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Grain traders to offload 245,000 tonnes of maize

THE Grain Traders Association of Zambia (GTAZ) has agreed to offload 245,000 metric tonnes of maize to millers country-wide to lower the price of mealie-meal.
The maize will be released on the market between January and May this year.
The grain traders made the agreement at a meeting which was attended by Ministry of Agriculture officials, GTAZ representatives and millers in Lusaka on Friday.
Minister of Agriculture Dora Siliya said in an interview yesterday that GTAZ agreed to offload the maize to millers at a lower price.
“GTAZ had intended to sell the maize to Zimbabwe at a much higher price compared to the local price, but because of the ban, they have agreed to instead offload it to the millers,” Ms Siliya said.
Ms Siliya said Government negotiated for a lower price that will enable the Food Reserve Agency (FRA) to buy maize from GTAZ at K2,650 per metric tonne and sell it to the millers at K2,200 per metric tonne.
“GTAZ had agreed to sell the maize at K2,600 per metric tonne but after further negotiations, we offered to buy the maize through FRA at K2,650. This translates into a subsidy of about K20 from Government and the 80 percent will be covered by the stakeholders in this agreement. The move will lessen pressure on the treasury,” she said.
She said the deal is a good one because it will lead to a drop in the mealie-meal price down to not more than K85 per 25kg.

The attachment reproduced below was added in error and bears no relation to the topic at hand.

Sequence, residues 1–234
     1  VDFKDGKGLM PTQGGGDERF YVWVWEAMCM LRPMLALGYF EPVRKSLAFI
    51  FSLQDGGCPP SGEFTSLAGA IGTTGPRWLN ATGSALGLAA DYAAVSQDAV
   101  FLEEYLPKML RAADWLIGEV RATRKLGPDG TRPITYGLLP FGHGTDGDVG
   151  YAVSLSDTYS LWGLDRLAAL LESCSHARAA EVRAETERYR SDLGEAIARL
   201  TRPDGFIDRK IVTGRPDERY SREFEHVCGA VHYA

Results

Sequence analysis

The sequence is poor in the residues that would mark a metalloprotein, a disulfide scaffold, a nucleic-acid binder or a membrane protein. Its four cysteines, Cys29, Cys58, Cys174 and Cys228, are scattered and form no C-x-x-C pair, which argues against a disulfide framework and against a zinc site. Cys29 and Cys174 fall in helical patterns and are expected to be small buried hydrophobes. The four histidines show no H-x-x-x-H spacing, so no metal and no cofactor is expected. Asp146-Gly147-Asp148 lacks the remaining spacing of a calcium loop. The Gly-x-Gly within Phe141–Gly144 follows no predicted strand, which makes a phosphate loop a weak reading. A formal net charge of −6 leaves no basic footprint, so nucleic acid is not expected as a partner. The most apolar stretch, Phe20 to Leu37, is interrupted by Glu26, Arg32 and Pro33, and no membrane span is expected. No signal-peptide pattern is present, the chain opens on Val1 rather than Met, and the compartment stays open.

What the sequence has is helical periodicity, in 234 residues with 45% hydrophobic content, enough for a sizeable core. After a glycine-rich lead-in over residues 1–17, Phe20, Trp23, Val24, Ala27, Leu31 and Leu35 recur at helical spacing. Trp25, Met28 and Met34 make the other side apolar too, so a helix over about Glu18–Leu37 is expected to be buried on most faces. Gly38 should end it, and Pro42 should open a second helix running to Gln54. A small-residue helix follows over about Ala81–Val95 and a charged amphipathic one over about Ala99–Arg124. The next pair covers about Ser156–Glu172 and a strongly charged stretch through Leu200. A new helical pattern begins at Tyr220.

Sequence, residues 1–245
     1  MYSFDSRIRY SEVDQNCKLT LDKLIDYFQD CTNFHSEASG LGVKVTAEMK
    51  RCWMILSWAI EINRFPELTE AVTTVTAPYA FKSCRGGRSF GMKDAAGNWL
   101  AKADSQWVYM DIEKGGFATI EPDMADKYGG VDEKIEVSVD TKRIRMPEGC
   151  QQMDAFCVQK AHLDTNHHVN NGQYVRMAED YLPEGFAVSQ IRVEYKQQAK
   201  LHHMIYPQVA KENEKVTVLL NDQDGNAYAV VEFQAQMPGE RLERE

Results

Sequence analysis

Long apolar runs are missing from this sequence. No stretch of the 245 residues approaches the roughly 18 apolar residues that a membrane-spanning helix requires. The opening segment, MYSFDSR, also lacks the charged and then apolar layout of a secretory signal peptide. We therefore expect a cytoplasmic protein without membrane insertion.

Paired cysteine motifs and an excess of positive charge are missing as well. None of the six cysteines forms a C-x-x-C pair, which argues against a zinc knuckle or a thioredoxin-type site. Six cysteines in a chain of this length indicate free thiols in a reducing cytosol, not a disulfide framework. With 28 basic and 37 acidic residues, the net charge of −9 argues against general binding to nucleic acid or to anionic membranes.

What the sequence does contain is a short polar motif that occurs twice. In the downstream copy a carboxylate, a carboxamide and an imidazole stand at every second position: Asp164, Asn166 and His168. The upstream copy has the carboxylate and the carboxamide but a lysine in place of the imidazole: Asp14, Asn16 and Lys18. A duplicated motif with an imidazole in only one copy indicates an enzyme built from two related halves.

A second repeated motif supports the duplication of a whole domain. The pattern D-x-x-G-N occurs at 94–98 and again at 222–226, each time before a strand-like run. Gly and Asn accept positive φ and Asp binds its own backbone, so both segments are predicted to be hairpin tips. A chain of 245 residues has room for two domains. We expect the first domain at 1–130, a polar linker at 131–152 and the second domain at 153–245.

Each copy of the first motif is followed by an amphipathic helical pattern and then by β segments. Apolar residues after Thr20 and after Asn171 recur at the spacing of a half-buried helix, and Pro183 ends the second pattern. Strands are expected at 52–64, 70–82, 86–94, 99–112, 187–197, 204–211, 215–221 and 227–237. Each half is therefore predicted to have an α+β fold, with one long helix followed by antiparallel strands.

Ms Siliya said with the GTAZ deal in place, the current stock is enough, adding that FRA has about 310,000 metric tonnes of maize in its storage.
She said the 310,000 metric tonnes are a combination of the 21,000 metric tonnes spill-over from last year and another 290,000 metric tonnes purchased in the last marketing season.
Currently, the maize pricing in Zimbabwe stands at US$330 per metric tonne.
And Ms Siliya said Government will not lift the ban on maize exports anytime soon.
Due to severe drought in the Southern African region, Zambia, the only country other than Tanzania to produce a maize surplus in the 2015/2016 farming season, will maintain a ban on maize exports as it struggles to build strategic reserves amid rising prices and surging regional demand.

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